Content warning for discussion of depression, self-harm, and suicide. This article is dedicated to Marissa, who kindly gave me the games.

Mental illness is a complicated thing. People affected by it don’t need me to explain that. As society is becoming more open about discussing mental health issues, it’s important we look at another facet: the portrayal of mentally ill people in media. Often, it’s not great. Instead of being compassionate and accurate, we get harmful stereotypes and misinformation about certain illnesses. Luckily, there have been good depictions in media recently, such as Ilana from Broad City finding unique (and humorous) ways of dealing with her seasonal depression.

I know many people, myself included, who use playing games as a coping mechanism when things get tough. For me, games are a good distraction, and I feel I’m still using part of my brain while playing, instead of just sitting around watching TV. I’m forever grateful for video games helping me during a bout of depression and anxiety I experienced after graduating college.

What about mental illness as a feature in a video game’s story? On a friend’s recommendation, I got two games, Harvester Games’ 2012 The Cat Lady and Team Salvato’s Doki Doki Literature Club. And boy, were they an experience.

On the surface, they have much in common. Both games are in the horror genre. The Cat Lady is unsettling and gory, while Doki Doki Literature Club is now infamous for being a surprisingly creepy visual novel. The games are surreal in their horror and deal with existential themes.

Notably, both games also feature content warnings before players start them. While some might not like that DDLC’s warnings spoil the twist that you’re actually playing a messed up game, I believe the trigger warnings are in the best interest of players. Nothing in the games personally triggered me, but I was glad for the heads up so I could prepare myself for what can be some very upsetting visuals. If I were struggling with the issues the games present, I would want to know before starting.

Seeming simple at first, Doki Doki Literature Club is a visual novel that begins like most anime harem romances. A featureless protagonist joins a club at his school to meet girls. The player character gets the chance to romance three possible love interests: childhood friend Sayori, classic tsundere Natsuki, and quiet goth Yuri. A seemingly pleasant girl named Monika is the club’s president. The story goes as one expects until Sayori kills herself at the end of the first act, and DDLC becomes something deeply freaky. I went into the game thinking that the horror would be story based and that the club would have a hidden agenda. It does, sorta, but never in the way I thought; more on this below. The game resets itself after Sayori’s death, restarting the story but removing her altogether. At that point, I stared my computer in shock. DDLC was going where I didn’t think it would.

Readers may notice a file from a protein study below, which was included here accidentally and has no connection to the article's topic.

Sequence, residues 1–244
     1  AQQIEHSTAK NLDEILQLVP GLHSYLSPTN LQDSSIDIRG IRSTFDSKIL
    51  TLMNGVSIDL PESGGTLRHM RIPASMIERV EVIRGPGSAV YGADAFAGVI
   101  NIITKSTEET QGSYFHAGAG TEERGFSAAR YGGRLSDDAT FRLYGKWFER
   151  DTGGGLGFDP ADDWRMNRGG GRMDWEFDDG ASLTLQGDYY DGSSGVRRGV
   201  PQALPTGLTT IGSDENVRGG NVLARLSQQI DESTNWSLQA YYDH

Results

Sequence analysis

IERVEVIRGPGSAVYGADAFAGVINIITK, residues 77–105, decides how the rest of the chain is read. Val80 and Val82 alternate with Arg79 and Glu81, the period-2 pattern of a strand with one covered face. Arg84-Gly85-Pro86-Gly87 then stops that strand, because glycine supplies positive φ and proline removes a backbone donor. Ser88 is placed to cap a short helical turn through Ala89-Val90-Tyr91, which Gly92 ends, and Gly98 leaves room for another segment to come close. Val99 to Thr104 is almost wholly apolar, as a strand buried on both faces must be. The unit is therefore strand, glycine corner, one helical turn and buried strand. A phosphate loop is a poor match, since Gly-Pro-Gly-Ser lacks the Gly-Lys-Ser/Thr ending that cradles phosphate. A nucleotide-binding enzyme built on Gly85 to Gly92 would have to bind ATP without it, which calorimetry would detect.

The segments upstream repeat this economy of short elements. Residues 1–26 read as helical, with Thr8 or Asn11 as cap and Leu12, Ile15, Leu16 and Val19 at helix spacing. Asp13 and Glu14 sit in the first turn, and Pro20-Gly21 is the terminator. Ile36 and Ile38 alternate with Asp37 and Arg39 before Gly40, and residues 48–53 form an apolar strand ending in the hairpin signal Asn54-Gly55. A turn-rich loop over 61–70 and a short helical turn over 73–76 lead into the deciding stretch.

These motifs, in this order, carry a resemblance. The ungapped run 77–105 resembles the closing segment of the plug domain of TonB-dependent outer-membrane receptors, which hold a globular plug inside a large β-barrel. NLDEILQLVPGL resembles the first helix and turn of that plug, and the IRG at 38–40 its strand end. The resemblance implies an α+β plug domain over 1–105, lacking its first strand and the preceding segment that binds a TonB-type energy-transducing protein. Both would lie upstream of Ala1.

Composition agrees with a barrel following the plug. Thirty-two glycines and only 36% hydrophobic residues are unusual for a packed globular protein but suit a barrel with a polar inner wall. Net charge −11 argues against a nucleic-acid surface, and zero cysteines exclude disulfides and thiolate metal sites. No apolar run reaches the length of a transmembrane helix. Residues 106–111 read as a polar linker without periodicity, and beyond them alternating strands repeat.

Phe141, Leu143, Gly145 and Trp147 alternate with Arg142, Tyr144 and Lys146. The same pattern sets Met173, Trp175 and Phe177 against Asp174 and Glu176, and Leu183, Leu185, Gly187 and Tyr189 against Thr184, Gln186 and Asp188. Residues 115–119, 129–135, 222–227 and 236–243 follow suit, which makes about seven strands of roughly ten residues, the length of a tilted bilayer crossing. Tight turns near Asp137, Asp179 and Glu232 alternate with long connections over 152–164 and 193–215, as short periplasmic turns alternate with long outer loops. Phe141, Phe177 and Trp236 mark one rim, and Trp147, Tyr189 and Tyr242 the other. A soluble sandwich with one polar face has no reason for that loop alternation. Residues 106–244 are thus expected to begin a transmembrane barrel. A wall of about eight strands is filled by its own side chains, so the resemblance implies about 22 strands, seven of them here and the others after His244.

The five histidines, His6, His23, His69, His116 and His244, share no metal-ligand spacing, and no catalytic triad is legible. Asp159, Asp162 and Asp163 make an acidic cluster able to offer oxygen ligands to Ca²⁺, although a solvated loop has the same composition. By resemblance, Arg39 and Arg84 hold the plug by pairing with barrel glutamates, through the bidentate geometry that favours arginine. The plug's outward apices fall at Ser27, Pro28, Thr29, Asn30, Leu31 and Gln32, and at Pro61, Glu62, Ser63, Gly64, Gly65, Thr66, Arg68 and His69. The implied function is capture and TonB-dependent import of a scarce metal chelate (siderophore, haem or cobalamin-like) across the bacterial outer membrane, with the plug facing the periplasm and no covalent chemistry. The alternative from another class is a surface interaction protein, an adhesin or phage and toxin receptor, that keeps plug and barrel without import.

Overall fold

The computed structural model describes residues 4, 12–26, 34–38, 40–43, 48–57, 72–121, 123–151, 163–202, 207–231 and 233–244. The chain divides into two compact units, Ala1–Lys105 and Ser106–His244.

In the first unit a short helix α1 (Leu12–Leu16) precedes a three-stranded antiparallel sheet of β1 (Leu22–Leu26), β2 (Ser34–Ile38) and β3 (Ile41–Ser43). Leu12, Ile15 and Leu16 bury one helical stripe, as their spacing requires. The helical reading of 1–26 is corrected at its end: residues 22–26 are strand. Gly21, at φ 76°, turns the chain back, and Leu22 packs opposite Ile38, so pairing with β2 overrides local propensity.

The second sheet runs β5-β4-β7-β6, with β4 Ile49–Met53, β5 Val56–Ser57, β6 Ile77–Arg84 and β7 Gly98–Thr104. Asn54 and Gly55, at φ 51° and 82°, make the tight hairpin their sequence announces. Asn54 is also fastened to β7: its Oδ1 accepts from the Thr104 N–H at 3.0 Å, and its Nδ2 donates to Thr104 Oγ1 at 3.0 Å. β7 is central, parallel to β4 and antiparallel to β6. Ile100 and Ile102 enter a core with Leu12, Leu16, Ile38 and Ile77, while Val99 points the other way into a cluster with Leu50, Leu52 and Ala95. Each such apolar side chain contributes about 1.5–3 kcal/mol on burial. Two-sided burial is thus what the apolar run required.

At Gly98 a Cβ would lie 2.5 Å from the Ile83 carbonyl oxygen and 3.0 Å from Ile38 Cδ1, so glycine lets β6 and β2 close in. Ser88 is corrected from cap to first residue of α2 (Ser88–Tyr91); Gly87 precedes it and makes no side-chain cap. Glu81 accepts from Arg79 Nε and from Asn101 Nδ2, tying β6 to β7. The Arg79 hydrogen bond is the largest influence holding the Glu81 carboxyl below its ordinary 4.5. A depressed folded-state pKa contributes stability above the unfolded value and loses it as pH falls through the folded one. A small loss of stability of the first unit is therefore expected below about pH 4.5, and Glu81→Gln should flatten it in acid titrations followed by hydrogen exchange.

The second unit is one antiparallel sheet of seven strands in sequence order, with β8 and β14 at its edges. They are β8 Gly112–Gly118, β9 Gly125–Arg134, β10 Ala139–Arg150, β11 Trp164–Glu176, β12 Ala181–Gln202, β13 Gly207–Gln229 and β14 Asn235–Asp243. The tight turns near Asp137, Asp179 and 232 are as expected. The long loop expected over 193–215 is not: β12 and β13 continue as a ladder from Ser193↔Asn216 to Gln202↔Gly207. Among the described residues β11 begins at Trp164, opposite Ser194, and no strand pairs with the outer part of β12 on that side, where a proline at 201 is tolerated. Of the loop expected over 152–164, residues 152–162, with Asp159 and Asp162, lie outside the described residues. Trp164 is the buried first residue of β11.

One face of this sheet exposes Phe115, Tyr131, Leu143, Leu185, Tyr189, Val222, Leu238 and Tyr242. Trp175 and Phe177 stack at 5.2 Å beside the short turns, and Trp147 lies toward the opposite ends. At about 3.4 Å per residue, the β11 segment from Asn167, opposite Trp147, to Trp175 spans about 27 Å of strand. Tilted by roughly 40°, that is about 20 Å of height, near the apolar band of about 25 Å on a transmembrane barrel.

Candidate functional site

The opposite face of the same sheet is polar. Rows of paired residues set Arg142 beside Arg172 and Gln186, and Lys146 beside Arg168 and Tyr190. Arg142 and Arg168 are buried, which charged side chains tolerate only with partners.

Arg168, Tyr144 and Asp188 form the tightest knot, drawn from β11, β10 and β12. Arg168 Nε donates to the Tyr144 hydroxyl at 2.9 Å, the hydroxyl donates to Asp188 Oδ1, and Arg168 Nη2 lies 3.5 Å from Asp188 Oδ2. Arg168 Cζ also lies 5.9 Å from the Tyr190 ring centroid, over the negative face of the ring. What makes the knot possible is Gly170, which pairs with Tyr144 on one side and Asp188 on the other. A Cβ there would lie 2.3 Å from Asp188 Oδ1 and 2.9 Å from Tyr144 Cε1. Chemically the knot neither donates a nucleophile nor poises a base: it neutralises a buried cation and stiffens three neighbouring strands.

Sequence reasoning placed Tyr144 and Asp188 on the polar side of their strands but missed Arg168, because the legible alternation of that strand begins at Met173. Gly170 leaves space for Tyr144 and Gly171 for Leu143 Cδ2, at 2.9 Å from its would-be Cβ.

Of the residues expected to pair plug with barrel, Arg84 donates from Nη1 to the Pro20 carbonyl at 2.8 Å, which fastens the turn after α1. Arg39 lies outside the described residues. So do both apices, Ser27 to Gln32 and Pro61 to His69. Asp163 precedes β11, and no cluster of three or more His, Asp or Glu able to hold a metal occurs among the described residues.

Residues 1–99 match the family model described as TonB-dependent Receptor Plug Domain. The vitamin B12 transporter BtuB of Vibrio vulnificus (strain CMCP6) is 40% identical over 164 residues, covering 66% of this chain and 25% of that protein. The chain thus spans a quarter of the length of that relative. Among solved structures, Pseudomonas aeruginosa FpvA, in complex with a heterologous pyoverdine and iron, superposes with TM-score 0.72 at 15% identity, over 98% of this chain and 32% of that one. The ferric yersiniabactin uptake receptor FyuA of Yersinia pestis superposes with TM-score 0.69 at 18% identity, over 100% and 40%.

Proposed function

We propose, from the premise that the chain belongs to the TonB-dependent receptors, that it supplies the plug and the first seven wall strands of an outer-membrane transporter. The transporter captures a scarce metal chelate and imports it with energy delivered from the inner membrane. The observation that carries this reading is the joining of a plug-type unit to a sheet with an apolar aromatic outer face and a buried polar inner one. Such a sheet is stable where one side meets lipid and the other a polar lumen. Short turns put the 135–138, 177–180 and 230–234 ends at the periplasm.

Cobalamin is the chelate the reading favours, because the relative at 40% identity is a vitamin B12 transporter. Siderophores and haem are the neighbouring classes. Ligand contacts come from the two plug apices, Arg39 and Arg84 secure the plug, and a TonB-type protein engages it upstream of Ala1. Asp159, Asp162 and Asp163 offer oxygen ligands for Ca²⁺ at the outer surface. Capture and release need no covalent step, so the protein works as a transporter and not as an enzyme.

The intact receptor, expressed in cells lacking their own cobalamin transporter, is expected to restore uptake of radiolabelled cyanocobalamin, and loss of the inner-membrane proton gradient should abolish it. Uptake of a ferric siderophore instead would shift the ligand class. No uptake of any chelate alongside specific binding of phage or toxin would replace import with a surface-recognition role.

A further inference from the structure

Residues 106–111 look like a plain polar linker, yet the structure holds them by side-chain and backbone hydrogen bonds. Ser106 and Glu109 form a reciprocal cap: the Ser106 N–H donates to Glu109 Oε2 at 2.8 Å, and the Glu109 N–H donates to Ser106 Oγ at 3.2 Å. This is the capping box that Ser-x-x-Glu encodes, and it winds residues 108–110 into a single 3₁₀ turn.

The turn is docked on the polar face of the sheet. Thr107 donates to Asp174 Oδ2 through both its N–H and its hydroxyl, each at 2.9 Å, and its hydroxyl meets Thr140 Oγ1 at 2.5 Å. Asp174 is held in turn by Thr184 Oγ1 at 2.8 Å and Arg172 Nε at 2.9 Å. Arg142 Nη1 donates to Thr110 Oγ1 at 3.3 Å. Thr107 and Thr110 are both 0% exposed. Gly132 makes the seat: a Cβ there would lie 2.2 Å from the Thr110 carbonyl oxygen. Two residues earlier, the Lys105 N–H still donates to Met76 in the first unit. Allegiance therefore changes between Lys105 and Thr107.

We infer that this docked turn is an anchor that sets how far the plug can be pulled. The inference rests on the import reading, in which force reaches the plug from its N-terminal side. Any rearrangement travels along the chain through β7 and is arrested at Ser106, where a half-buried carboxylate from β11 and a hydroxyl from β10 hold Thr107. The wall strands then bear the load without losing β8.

Doki Doki Literature Club, Team Salvato, 2017

Monika is revealed to be the big bad and aware that she is a character in a visual novel. To make herself more attractive to the player (not the character; YOU, the one playing the game) Monika alters the game files of the other girls to make them unstable. The infatuated Yuri becomes extremely fixated on the player character, ultimately stabbing herself to death over her feelings. Natsuki’s small stature and unhappy home life are turned into the results of neglect and domestic violence.

Defining what qualifies as “horror” in media is an impossible task. Horror can be anything that is mean to unsettle audiences. Unfortunately, mental illness is the horror in Doki Doki Literature Club. Depression, abuse, and self-harm are presented to shock players. There’s no thoughtful exploration of the issues. Monika changing the girls does sound like something a villain would do, but this action makes mental health issues character traits and not illnesses. This bothers me because my anxiety is something I experience, but I wouldn’t describe it as part of my personality. Some people living with a mental illness might find this aspect of DDLC insulting.